• It purges the body of phlegm, and is an excellent remedy for shortness of breath.
• It strengthens the lungs and is a good remedy for chin-cough in children.
• It kills worms in the belly, provokes the terms and gives safe and speedy delivery to women in labour.
• It relieves throat and bronchial irritation and the spasms of whooping cough.
• Thyme arrests gastric fermentation.
• It helps in healing leprosy.
• Oil of Thyme is employed as a rubefacient and counter-irritant in rheumatism, etc.
• Thymol is also employed as a deodorant and local anaesthetic.
• It is extensively used to medicate gauze and wool for surgical dressings.
• It is used as an antiseptic lotion and mouth wash; as paint in ringworm, in eczema, psoriasis, broken chilblains, parasitic skin affections and burns.
• It is most useful against septic sore throat, especially during scarlet-fever.
• Thyme helps in healing cuts, bruises, acne, rash and so forth on the skin, especially in the area of the face, neck, throat and forehead.
• The relaxing benefits of thyme can also be seen in the digestive tract, and used to good effect for wind and colic, irritable bowel syndrome and spastic colon.
• Thyme also acts as a cleansing liver tonic, stimulating the digestive system and liver function, making it useful for indigestion, poor appetite, anemia, skin complaints, lethargy, and gallbladder complaints.
• As a diuretic, thyme reduces water retention, infections of the urinary tract, rheumatism and gout.
• Thyme helps ringworm, athlete's foot, thrush, and other fungal infections, as well as scabies and lice.
• It was employed by the Romans to give an aromatic flavour to cheese.
• In Perfumery, Essence of Thyme is used for cosmetics and rice powder. It is also used for embalming corpses.
• The dried flowers have been often used in the same way as lavender, to preserve linen from insects.
• Thyme is principally in request for culinary requirements, for its use in flavouring stuffing's, sauces, pickles, stews, soups, jugged hare, etc.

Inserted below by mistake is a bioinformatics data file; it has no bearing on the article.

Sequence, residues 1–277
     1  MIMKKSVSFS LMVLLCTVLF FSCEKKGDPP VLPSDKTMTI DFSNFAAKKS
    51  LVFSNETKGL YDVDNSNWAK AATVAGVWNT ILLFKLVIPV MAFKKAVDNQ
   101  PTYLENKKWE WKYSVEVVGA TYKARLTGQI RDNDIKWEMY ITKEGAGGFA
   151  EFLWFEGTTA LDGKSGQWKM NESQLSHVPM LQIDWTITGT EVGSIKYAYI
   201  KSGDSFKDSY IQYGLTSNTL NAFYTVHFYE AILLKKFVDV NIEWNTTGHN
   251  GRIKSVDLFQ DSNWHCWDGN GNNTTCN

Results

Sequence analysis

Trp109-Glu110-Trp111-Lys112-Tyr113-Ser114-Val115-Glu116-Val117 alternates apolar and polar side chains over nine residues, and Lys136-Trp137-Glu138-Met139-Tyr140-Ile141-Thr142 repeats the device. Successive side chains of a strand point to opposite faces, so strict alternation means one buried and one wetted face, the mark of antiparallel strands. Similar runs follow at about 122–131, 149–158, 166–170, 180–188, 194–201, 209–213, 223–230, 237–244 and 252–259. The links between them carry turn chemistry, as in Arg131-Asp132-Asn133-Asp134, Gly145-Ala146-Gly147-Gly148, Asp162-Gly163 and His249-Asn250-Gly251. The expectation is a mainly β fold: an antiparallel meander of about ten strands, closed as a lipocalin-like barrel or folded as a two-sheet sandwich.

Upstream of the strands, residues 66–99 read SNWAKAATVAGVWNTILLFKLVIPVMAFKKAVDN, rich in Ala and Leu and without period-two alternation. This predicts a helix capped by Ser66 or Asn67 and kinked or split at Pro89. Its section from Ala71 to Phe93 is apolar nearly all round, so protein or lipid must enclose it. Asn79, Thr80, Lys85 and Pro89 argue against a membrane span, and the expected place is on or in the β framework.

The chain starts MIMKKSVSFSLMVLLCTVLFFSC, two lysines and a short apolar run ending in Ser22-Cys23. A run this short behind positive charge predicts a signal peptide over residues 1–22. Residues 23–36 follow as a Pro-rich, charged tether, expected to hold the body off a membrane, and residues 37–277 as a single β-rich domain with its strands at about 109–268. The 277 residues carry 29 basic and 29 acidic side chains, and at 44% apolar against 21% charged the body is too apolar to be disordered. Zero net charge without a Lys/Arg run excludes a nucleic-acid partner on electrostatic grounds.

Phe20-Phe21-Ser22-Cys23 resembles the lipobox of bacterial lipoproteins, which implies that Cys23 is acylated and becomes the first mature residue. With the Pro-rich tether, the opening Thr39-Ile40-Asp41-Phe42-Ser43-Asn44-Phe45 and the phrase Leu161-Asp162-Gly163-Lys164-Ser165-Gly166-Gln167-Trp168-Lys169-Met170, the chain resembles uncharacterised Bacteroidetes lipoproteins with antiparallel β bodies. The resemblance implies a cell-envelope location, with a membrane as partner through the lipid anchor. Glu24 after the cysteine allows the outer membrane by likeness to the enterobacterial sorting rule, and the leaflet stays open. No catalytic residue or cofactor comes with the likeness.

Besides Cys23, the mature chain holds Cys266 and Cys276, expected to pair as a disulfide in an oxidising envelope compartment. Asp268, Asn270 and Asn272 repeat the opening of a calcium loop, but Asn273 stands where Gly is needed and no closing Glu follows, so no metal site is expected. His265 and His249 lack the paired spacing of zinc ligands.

• The essential oil of garden thyme is used to preserve processed meat and butter, and in making chewing gum, ice cream, candy, and the liqueur Benedictine.
• Thyme is used in potpourris and sachets.
Lady Northcote (in The Herb Garden) says that among the Greeks, Thyme denoted graceful elegance; 'to smell of Thyme' was an expression of praise, applied to those whose style was admirable. It was an emblem of activity, bravery and energy, and in the days of chivalry it was the custom for ladies to embroider a bee hovering over a sprig of Thyme on the scarves they presented to their knights. In the south of France, Wild Thyme is a symbol of extreme Republicanism, tufts of it being sent with the summons to a Republican meeting.
According to legend, any place where thyme grows wild is a place blessed by the fairies. The ancient Greeks burned thyme in their temples for consecration and purification, but also as an offering to the gods. It was especially sacred to Adephaghia, the Greek goddess of food and good eating. Modern pagans use thyme as a smuging herb to purify the space used for a magical ritual. Wear sprig of thyme in your hair to make yourself irresistible.
A pillow stuffed with thyme dispels nightmares and promotes safe, positive dreams. The best-known use of THYME is in Money-Drawing spells. Thyme is an ingredient in Three Jacks and King Oil, used by Gamblers to draw Money-Luck. Some people plant THYME in their gardens, saying that as it grows, their money will increase. Others take a dollar bill, fold it around THYME LEAVES, fold it again to make a packet, tie it up with green thread, and bury the packet in the middle of a Crossroads on the night of the Full Moon.